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Let's go to the videotape and see what's wrong with this picture: We see CBS with three Sunday afternoon hours to fill every week in the fall because it's no longer carrying National Football League games. We see entrepreneurs ready to start another pro football league and put its games on CBS. Opposite the NFL games. How neat.

We see the big advertisers who now help sponsor all those NFL games owning this new league and its teams. In effect, they would eliminate the middleman, the NFL, and generate revenue for themselves from ticket sales, merchandise royalties, concessions, local radio rights and sponsorships. That ought to at least pay for their TV commercials as CBS covers their teams.

And the players? How good will they be? We see that, at best, they'll be about as good as the NFL expansion teams.

That's the picture being screened by a group of veteran sports and broadcasting executives who want to create what they're calling the A League; "A" as in Advertiser-friendly.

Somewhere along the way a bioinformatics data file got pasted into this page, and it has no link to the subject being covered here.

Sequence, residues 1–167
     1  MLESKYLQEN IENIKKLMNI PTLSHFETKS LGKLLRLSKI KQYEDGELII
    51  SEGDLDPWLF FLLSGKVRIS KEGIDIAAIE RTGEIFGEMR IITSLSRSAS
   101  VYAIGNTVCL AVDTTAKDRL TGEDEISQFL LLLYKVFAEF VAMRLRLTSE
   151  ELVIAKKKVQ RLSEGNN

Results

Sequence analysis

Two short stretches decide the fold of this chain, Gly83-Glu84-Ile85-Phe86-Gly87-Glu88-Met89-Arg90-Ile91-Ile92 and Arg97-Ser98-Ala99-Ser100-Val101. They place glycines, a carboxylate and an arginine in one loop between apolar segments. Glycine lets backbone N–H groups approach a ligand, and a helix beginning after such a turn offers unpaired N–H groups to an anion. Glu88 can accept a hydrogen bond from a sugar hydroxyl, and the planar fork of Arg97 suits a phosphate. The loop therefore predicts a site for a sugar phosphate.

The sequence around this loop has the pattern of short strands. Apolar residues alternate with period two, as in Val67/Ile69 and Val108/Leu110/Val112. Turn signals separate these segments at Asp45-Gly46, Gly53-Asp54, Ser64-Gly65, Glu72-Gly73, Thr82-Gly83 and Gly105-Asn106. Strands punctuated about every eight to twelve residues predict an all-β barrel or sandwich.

But is it really friendly? At a time when more and more companies are downsizing, returning to core business-the latest is Eastman Kodak Co., deciding to divest its pharmaceutical and household products divisions to concentrate on film and cameras-here comes an invitation for TV's sports advertisers to get into the football business through team and league ownership.

If they don't have enough trouble meeting business goals and planning for global growth, they now can get to draft players, hire coaches, negotiate with agents, deal with fans and media. In short, these beer and auto marketers can take on the highly popular NFL and its established team "brands" and antagonize sports fans across the country in the process.

This videotape shows only trouble ahead. Our advice to those marketers who might be tempted to add a pro football team to their product line: Hear the whistle? You don't need slo-mo to tell you this play is sure to take you out of bounds.

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